Neither party is disclosing financial deals of the licensing agreement at this time. The agreement is the latest step in an ongoing relationship between the two companies, which has resulted in the licensing of five different ASU patent applications over the years. The school is known for its advanced biotech research, and it even has its own technology transfer division known as Arizona Technology Enterprises.
This organization has invested over $100,000 in the DNA sequencing technology, so the licensing agreement represents a return on this investment. The biotech development team at ASU is headed up by Dr. Stuart Lindsay who is working on the DNA sequencing technology in collaboration with Dr. Colin Nuckolls of Columbia. The agreement represents a growth opportunity for Roche to add to its annual sales of over $50 billion.
GlycoMimetics has inked a worldwide licensing agreement with pharmacutical giant Pfizer for an investigatory compound the company has been researching known as GMI-1070. This compound is indicated for the treatment of vaso-occlusive crisis, a condition commonly associated with sickle cell anemia. It is a pan selection antagonist in the Phase 2 stage of development which has received Fast Track and Orphan Drug status from the Food and Drug Administration (FDA).
Pfizer is an American multinational pharmaceutical company based in New York. Some of its top productions are Viagra to treat erectile dysfunction, Lipitor used to lower blood cholesterol and Celebrex for anti-inflammation. GlycoMimetics, on the other hand, specializes in developing drugs that target rare diseases.
Under the terms of the licensing agreement, GlycoMimetics will retain responsibility for completing the Phase 2 trials under the oversight of Pfizer. Following completion of these ongoing trials, Pfizer will assume responsibility for ongoing development and marketing of the drug. The agreement is valued at $340 million for GlycoMimetics, a sum which includes a series of milestone payments along with an upfront payment and royalties.
The exclusive licensing agreement between GlycoMimetics and Pfizer will offer a new treatment option for vaso-occlusive crisis, a condition that lasts between five to six days and results in more than 75,000 cases of hospitalization in the US each year. During a vaso-occlusive crisis, the patient experiences tissue damage and pain and can suffer damage to multiple organs.
This new drug represents the first significant advance in the treatment of vaso-occlusive crisis related to sickle cell disease in the last 50 years. It works by inhibiting selecting interactions to head off the inflammation which leads to vaso-occlusive crises. Pre-clinical trials showed that GMI-1070 was effective in restoring blood flow to vessels in animals with sickle cell disease. This leading drug candidate is now being evaluated in human subjects with sickle cell disease.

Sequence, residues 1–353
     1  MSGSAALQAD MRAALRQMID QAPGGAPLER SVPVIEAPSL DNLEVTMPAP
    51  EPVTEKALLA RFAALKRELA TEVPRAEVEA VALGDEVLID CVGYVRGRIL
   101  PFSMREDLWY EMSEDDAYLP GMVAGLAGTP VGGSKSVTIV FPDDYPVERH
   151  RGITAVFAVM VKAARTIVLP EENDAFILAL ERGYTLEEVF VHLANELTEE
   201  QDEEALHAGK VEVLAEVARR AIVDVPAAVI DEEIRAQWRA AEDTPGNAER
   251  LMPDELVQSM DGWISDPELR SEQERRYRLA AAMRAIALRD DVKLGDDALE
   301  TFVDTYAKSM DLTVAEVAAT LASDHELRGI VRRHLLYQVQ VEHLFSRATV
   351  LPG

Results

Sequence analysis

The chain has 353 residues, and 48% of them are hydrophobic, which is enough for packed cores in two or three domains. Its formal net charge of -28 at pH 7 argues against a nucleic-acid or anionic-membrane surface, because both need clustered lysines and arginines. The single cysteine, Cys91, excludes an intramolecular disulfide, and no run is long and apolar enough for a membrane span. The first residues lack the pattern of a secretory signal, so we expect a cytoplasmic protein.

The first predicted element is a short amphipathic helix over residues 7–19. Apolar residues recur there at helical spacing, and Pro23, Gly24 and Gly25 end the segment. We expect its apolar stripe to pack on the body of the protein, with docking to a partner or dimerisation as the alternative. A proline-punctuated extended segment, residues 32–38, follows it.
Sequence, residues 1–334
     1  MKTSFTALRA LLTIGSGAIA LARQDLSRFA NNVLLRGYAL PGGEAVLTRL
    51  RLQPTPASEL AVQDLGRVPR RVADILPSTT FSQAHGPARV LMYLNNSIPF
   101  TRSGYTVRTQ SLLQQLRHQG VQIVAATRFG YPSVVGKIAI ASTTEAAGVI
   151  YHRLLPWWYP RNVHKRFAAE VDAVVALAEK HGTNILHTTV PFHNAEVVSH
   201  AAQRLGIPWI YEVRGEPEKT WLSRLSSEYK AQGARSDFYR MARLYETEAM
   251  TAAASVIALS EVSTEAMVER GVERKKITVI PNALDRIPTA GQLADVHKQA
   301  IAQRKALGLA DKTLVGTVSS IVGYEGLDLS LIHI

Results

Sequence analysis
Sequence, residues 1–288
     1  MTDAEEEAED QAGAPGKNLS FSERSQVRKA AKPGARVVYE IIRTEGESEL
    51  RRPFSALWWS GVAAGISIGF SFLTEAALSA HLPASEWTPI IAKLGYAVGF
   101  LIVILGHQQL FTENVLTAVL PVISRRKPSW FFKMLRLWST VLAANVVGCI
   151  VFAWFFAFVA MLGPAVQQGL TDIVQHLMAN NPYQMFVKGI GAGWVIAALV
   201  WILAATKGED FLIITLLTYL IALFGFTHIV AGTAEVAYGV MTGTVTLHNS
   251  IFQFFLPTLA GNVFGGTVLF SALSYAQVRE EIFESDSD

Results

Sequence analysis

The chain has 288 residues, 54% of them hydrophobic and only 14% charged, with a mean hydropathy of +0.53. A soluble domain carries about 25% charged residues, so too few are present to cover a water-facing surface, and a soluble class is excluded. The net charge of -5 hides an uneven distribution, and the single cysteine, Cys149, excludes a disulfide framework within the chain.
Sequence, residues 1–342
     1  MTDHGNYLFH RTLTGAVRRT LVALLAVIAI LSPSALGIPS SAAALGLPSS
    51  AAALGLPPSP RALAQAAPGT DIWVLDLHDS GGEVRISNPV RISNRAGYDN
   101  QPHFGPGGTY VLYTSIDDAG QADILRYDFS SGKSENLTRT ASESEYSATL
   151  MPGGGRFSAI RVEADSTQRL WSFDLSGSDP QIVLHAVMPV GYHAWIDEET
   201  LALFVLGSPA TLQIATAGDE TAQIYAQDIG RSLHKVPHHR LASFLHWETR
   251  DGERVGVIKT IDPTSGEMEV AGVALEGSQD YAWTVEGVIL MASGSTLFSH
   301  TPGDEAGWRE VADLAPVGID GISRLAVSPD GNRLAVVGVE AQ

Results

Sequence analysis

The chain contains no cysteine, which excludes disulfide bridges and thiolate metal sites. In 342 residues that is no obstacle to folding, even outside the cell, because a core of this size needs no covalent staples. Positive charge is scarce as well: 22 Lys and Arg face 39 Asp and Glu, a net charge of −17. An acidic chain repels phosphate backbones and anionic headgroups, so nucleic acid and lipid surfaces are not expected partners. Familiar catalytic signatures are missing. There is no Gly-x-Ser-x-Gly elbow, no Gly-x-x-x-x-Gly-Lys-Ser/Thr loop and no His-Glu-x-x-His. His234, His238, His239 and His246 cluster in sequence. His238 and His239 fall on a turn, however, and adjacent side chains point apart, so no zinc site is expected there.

A subsidiary of patent troll Acacia has recently acquired a patent for technology relating to hearing aids from a major company in the industry. The subsidiary of Acacia Research Corporation has acquired the patent in its ongoing effort to broaden its licensing success.
Many major tech companies have partnered with Acacia in licensing agreements for their patentable technologies. Acacia, a US company with headquarters in California, is known for using strong arm tactics to secure a leadership role in the technology licensing space, and continues to aggressively expand its patent portfolio through licensing agreements such as this one.
Acacia Research Corporation currently controls almost 200 patent portfolios that cover a wide range of technologies in various industries. Through its numerous subsidiaries, Acacia’s business model is premised on patent trolling. This involves Acacia buying patents and then licensing them or filing lawsuits against alleged infringers of its intellectual property.
This most recent acquisition in the medical technology space adds to Acacia’s existing patent portfolio on hearing aid technology which dates back to acquisitions the company made in 2005. These acquisitions were originally made by Acacia Patent
Acquisition Corporation, which is a wholly owned subsidiary of Acacia Technologies. They acquired several patents at that time which covered hearing aid technology known as electromagnetic compatibility shielding, or ECS. This form of technology is common to most hearing aids on the market today.
It is a patented technology which helps to shield the devices from electromagnetic interference that is emitted by mobile devices like cell phones, wireless headsets and WiFi/Bluetooth devices. ECS technology is easy to incorporate into a variety of hearing aid styles, and the market for these medical devices in the US is lucrative with millions of units sold annually.
The average price of hearing aids incorporating ECS technology can vary widely from $1000 to over $3000.
The Amazon Kindle Fire tablet has yet to hit store shelves, yet it is already the subject of a patent suit filed by Smartphone Technologies. The company alleges that the Fire is in violation of 4 different patents.